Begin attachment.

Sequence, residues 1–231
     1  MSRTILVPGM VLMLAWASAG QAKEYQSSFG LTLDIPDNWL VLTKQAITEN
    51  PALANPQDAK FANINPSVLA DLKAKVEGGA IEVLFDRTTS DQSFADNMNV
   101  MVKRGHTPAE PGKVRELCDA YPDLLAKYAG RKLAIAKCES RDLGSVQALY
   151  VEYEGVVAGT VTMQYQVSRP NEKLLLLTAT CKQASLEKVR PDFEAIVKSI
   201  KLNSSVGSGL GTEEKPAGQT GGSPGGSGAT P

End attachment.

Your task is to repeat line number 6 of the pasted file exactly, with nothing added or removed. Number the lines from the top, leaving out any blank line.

   201  KLNSSVGSGL GTEEKPAGQT GGSPGGSGAT P